Apple and Tesla set to take world on wild ride

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The week has seen the emergence of several narratives in the media characterizing the relationship between Apple and Tesla. These are the two most glamorous companies in Silicon Valley, and arguably the world; thus, people tend to sit up and take notice when a flood of stories headlined “Apple” and “Tesla” are unleashed in a matter of days.

Furthermore, several of these stories seem to be at odds with one another. On the one side, Forbes says that Tesla has poached 150 people from Apple, in order to further expand into consumer electronics. Business Insider, on the other side, says that Apple has poached people from Tesla in order to build an electric car of its own.

Apple and Tesla have always traditionally avoided each other, holding a grudging respect for the other’s dominance in their respective fields. It seems as if the two companies are finally getting into each other’s crosshairs. Why is this happening now? And what does this mean for the industry as a whole?

The San Francisco Chronicle*reported that last Spring, Apple’s chief of mergers & acquisitions Adrian Perica met Tesla CEO Elon Musk. Such a high-level meeting suggests Apple was interested in buying, or at least getting involved in a major partnership, with Tesla. Elon Musk, in a later interview with *Bloomberg, did not deny having spoken to Apple about an acquisition. Needless to say, nothing was announced, indicating that whatever was being planned fell through.

Automobiles are a massive market, arguably the only consumer market larger than cellphones. Furthermore, even a minority market share at the high end can lead to an enormously profitable business. For evidence, consider BMW, Mercedes, or Jaguar-Land Rover — all highly profitable players that thrive on good design and a small number of extremely loyal customers.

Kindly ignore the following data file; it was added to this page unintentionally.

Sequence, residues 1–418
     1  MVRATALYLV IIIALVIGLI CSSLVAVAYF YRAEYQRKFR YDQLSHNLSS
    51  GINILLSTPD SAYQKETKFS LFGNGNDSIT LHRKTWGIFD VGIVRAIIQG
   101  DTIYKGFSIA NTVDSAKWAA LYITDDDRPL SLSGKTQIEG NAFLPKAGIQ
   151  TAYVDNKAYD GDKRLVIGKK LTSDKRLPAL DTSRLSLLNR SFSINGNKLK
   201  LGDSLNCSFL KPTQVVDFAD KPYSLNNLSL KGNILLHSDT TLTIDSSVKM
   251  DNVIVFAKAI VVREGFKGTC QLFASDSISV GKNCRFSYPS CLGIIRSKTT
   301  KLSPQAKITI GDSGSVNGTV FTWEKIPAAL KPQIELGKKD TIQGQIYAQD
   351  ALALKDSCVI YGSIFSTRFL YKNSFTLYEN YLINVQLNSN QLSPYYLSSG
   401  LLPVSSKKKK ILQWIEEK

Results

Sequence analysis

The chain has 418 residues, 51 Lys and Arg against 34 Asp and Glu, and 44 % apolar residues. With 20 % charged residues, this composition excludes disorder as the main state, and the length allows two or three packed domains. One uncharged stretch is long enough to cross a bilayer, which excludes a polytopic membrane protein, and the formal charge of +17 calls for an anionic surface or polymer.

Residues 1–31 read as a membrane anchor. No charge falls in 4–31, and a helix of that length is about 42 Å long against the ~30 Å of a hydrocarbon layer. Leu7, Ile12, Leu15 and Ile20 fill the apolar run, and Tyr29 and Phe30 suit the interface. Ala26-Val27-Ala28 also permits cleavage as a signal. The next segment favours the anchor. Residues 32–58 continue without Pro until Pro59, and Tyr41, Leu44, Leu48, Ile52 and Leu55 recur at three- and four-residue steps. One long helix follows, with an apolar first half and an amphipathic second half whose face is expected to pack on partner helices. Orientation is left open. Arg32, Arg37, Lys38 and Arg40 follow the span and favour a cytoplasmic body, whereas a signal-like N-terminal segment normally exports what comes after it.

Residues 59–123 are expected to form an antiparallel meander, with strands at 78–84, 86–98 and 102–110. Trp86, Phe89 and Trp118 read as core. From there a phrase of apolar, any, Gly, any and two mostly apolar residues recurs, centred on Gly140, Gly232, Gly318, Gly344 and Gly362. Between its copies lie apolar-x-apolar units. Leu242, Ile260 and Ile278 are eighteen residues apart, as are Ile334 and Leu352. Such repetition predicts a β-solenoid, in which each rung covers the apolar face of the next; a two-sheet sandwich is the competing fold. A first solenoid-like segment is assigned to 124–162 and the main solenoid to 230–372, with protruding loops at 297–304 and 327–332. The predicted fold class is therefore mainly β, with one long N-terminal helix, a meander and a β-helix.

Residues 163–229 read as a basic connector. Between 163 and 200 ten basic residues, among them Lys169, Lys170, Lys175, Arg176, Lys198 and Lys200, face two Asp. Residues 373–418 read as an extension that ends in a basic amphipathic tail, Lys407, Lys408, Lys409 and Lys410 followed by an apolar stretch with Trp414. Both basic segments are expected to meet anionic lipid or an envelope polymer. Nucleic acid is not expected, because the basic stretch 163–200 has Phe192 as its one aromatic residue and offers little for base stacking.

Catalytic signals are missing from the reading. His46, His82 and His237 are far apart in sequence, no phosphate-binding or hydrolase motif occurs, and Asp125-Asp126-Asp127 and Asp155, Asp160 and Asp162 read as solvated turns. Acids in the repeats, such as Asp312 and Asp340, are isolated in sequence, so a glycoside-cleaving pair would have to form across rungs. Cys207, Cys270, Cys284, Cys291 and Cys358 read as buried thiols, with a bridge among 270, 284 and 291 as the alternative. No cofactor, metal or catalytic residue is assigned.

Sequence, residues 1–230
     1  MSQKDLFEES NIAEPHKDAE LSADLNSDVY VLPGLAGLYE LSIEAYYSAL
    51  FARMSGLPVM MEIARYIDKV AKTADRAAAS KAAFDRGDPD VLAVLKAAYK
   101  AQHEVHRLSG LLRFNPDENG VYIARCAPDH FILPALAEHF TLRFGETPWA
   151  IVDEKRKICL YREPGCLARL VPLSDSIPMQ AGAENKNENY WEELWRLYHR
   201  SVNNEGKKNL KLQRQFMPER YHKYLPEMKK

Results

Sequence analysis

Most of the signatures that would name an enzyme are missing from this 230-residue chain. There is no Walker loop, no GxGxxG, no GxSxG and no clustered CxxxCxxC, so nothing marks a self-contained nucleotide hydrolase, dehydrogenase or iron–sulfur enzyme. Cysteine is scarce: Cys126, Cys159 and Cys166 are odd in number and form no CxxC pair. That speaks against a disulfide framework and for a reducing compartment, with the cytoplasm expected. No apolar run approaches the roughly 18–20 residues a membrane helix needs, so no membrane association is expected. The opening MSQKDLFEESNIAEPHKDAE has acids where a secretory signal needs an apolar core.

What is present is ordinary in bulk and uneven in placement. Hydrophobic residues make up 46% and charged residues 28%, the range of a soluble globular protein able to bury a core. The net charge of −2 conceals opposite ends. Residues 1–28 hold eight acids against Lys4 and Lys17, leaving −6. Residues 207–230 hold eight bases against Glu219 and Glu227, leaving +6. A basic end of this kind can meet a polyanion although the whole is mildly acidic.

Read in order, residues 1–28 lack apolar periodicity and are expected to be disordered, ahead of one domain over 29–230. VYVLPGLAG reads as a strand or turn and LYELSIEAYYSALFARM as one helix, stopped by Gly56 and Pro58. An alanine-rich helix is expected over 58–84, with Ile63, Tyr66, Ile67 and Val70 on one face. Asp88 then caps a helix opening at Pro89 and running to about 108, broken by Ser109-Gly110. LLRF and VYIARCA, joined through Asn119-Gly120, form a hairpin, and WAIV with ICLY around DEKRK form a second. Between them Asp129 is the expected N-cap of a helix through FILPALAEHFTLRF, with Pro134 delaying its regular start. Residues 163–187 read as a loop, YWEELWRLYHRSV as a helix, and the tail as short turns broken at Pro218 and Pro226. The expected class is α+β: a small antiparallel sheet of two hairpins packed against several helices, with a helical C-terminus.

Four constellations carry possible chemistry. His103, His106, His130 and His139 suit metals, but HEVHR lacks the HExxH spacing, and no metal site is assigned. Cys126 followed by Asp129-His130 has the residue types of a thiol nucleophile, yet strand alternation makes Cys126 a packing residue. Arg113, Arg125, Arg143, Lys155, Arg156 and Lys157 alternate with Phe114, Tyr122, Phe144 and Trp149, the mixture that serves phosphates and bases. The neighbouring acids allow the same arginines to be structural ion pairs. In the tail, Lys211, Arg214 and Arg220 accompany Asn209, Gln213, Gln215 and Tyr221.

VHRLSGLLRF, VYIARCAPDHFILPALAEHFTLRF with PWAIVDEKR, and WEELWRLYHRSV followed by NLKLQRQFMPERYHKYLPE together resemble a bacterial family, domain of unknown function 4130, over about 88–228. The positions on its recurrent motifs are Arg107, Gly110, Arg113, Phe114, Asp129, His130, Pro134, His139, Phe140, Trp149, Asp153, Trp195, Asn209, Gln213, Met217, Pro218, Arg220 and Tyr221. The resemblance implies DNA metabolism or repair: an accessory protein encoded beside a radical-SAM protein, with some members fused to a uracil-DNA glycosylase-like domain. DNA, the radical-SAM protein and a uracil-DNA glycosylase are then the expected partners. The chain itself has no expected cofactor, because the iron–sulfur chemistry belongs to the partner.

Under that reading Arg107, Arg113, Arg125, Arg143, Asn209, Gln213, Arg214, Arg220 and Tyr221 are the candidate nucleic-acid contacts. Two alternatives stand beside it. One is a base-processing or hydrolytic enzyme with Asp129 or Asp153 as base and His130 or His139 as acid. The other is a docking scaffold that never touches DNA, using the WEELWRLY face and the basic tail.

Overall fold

Right now, everyone in that segment is worried about Tesla, the young scrappy American upstart that is only poised to grow as electric car charging facilities become more widespread. If reports are to be believed, soon they may also have to worry about Apple, which is one of the largest companies in the world and the only one with the design chops to outclass even Tesla.

According to the Wall Street Journal, Apple has hundreds of employees working on an electric car project meant to compete directly with Tesla. And when did this project start? Approximately a year ago, around the time Apple’s Perica met Musk, to no avail. For this project, Apple has poached experts from a variety of automakers, including Tesla.

On the other side of the fence, Tesla is trying to ramp up production. With the imminent arrival of its budget option, the Model 3, Tesla needs to scale its supply chain very quickly. Apple is famous for a supply chain that is as massive as it is efficient. It would only be logical for Tesla to want to poach some of Apple’s talent in the field.

Apple and Tesla are both examples of vertically-integrated, design-centric, high-margin success stories born in the Silicon Valley. All said and done, the entrance of both in the auto industry should hopefully shake things up for the better.